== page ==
ALIVE FROM DEAD MAN'S CURVE
By Johan Lottering
AS the Robinson R44 Raven II's engine spluttered Willem Boshoff (46) knew the odds. Barely a week before he had to land in the veldt with partial engine power-loss. The engineers had done a field repair by replacing the fuel pump, suspected to have caused cavitation. The icy familiar feeling came all over him, once again. The engine r.p.m. needle was dropping uncommanded. The red annunciator light glared on the panel, the aural warning in his headphones confirming his worst fears. There was no time to even ponder. His training kicked in. He immediately lowered the 'collective' lever to reduce the angle of attack on the main rotors, thereby reducing the load. He simultaneously opened the throttle. But, that caused the engine to quit completely. Suspended in midair Willem and his front passenger, the farmer whose lost Kudu bull they had been looking for, were in real troubleÖ
Today, months later, he still marvels that they had come away unscathed from not merely an under-developed autorotation, but full-fledged 'crash landing' atop a dense crop of trees. [An 'autorotation' is the helicopter version of a fixed-wing forced landing without power]. They were barely 35 minutes into a Part 127 game-spotting operation in his Robinson R44 helicopter. At that crucial moment, Willem knew he had to react 'super fast'. He also instinctively realised nothing short of a miracle would save them. These kind of situations are seldom survived. With only 40 knots and barely 150 feet height there were neither enough time nor any forward or downward momentum as potential energy to re-energize the ailing rotor r.p.m. needed for a safe landing.
The flight regime in which pilot Willem Boshoff was operating seconds before has killed many pilots and occupants in the game-capturing business. It is not called 'dead man's curve' without reason. They felt themselves hurling from about ten storeys high into the crowns of a patch of camel thorn trees. There were no other options. Just before impact he 'flared' real hard with the 'cyclic' stick, thereby changing the attitude nose-up to impact first with the strongest part of the structure, the skids and underbelly. When the severely damaged helicopter came to a dead stop, they unlatched their harnesses and ran to avoid the effects of an imminent explosion. Minutes later he realised he still had half tanks, they could have been incinerated.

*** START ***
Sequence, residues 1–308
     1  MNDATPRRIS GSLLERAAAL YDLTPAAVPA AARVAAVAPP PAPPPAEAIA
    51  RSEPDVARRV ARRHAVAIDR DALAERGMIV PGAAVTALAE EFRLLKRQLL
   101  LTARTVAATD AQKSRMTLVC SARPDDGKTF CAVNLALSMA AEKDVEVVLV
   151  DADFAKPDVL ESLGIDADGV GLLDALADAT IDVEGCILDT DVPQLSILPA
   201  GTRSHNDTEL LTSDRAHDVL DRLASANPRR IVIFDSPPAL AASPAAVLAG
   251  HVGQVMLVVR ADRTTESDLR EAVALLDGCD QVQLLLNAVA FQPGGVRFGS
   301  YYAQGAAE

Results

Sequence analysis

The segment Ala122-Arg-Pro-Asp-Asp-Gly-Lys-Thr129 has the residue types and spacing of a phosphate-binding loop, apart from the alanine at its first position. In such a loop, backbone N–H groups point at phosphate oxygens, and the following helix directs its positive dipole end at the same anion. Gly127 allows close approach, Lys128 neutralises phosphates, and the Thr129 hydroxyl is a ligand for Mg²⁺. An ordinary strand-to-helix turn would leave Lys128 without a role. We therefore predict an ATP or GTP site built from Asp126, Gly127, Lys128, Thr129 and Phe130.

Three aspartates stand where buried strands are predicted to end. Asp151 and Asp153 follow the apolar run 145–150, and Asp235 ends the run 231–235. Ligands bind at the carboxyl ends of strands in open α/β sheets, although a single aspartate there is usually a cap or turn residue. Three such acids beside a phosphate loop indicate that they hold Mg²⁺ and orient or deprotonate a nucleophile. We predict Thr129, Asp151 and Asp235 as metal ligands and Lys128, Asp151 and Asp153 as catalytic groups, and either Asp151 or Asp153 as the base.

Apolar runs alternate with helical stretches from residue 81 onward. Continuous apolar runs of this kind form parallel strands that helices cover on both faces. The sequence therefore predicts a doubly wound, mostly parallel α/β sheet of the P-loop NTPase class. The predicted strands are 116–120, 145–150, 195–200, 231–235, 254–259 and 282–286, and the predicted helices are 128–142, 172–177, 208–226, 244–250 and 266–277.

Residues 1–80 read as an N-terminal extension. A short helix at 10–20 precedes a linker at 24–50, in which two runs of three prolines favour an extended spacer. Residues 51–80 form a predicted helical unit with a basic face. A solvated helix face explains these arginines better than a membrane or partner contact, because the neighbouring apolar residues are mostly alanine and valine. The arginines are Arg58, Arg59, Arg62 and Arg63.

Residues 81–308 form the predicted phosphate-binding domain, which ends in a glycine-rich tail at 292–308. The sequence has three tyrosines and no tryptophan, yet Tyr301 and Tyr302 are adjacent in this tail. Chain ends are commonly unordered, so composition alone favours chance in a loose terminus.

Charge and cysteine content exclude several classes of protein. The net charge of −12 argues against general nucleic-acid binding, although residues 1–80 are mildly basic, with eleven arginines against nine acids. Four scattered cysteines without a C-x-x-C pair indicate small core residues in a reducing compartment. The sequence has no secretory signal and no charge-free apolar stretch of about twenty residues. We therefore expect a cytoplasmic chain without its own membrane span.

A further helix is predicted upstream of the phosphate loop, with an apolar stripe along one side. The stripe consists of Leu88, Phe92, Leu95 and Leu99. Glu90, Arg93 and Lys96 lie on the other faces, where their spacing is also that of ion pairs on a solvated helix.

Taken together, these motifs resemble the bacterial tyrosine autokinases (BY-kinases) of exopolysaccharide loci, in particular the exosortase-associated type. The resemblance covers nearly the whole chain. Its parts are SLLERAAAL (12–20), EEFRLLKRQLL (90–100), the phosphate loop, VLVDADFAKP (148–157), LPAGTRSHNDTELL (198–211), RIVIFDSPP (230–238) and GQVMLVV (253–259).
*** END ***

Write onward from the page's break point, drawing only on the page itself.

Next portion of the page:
Get the 'app'
Willem nowadays would urge fellow-aviators to pay close attention to the effects of high Density Altitude (DA). Since the accident he has loaded Timm Tuckers R44 Gyronimo Raven 2 app on his ipad and regards it as a life-saver. The app can be found via Internet search. It uses basic data to automatically determine safety parameters and automated warnings. Willem now observes strict self-imposed 'termination of operations' parameters by means of the app.
Above 28 degrees Centigrade he lands and waits for temperatures to subside. As he works in the Kalahari area with typical elevations around 4 000 feet in soaring temperatures, he is fully aware the lift generating abilities of the helicopters he fly can be severely impaired in high DA.
However, he is now also convinced that above 28 degrees Centigrade an additional potential hazard emerges in the form of vapour locks in the engine's fuel injection system and lines. High ambient temperatures have been known to cause cavitation in engine driven fuel pumps of fixed-wing piston aircraft engines. The difficulty for investigators is that once the engine is started during a bench test, it has already cooled down after being primed - the very process 'masking' the original cause of inadvertent power loss].
According to the formal accident report, which Willem considers highly controversial, the primary cause was inadvertent deactivation of the hydraulic system by the pilot. Asked to explain, Willem attributed the different findings to investigators not inspecting the helicopter at the crash site. He was led to believe that farm workers had climbed inside the cockpit posing for cellphone photographs, without authorisation. 'Anything could have happened, as they'd obviously fiddled with the switches and controls'.
Willem's instructor Martin Jacobs of Powered Flight confirmed training pilots for such possibility was part of the curriculum. He conceded such inadvertent action could 'take a pilot by surprise' as more strength would be 'unexpectedly' needed to maintain control. The helicopter would still be able to fly normally, though it might take vital seconds for the pilot to firstly recognise the condition and then adjust to it. He cited an accident some years ago when a pilot and passenger were consumed by post-impact * fire upon colliding with a hangar at Rand Airport. The hydraulic switch, next to the siren button, had been switched off inadvertently. Look and learn and fly safely!
[The lamented Robinson bladder tank modification may well have been a blessing in disguise in Willem's case.]
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